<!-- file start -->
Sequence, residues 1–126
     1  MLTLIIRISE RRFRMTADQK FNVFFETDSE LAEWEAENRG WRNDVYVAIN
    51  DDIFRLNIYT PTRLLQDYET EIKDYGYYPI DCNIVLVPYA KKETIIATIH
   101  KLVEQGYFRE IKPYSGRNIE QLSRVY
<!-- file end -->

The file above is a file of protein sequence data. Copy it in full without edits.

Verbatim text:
Sequence, residues 1–126
     1  MLTLIIRISE RRFRMTADQK FNVFFETDSE LAEWEAENRG WRNDVYVAIN
    51  DDIFRLNIYT PTRLLQDYET EIKDYGYYPI DCNIVLVPYA KKETIIATIH
   101  KLVEQGYFRE IKPYSGRNIE QLSRVY